Annasnappet Pond Site facts for kids
The Annasnappet Pond Site was excavated, beginning in 1978 by the Public Archaeology Lab, when the Massachusetts Highway Department began the process of relocating Route 44 through Plympton, Plymouth, Carver and Kingston. Because the department was using federal funds, it was required to do an archaeological survey of the area, which revealed potential for sites at Annasnappet Pond in Carver, Massachusetts.
The site was in use for 100 years as a cranberry bog, after it was deeded to James Webb in 1886. A significant portion of archaeological evidence at the site was destroyed or disrupted by sand removal from the bog.
Archaeologists dug test pits every 15 feet and found artifacts in piles made by bulldozers. Evidence suggests the site was occupied between 10,000 and 1,000 years ago and had extensive chipping debris—up to 100,000 stone flakes—along with 1600 stone tools. The tools included arrowheads, spear points, atl-atl weights, fragments of soapstone bowls, red paint stones and grinding tools. The majority of artifacts dated to the Middle Archaic, between 8,000 and 6,000 years ago and the site yielded the most Archaic artifacts in the Northeastern US. Annasnappet Pond also had 100 stained soil areas and rock clusters, preserving the remains of trash pits, hearths and storage pits. Charcoal from the pits was radiocarbon dated to 7500 years ago.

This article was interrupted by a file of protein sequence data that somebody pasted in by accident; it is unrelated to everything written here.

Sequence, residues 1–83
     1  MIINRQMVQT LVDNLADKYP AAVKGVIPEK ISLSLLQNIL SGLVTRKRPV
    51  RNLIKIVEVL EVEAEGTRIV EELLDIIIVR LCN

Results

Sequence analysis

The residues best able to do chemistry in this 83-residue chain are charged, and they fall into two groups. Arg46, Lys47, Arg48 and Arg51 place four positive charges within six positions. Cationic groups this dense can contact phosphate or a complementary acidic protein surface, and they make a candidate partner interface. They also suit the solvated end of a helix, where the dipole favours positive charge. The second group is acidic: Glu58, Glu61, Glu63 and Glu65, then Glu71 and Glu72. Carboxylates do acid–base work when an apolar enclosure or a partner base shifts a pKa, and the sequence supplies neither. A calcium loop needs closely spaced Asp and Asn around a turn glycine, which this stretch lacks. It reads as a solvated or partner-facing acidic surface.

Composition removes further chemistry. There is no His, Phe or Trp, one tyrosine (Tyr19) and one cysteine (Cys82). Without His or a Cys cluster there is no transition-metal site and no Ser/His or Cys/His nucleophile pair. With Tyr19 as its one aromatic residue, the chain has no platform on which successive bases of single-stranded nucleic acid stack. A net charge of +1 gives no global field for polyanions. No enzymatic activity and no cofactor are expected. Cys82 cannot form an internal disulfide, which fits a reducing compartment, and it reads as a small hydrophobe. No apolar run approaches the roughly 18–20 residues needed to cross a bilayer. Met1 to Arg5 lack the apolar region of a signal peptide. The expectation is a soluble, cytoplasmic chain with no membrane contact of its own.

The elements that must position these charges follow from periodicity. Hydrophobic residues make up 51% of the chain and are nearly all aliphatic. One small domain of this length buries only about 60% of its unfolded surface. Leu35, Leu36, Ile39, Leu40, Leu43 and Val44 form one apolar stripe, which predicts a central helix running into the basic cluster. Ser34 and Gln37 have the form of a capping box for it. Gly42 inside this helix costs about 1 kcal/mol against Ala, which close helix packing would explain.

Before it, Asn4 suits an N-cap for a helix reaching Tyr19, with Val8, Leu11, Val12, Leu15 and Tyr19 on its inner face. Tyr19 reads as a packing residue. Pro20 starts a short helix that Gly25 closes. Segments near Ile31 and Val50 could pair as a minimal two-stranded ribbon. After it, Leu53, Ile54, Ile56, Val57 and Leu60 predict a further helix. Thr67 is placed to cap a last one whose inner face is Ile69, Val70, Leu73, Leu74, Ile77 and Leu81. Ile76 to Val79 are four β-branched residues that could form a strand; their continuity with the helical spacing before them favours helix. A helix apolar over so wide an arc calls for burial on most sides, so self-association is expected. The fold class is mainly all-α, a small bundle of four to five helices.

A small knoll at the southern end of the pond contained a human burial—the oldest found in Massachusetts. Charcoal around the burial suggests an age of 7,570 years ago. The site lacked Woodland period ceramics.
The site lacked post molds, from remnant structures, due to acidic and well-drained soil, which decomposed any remains of wood.
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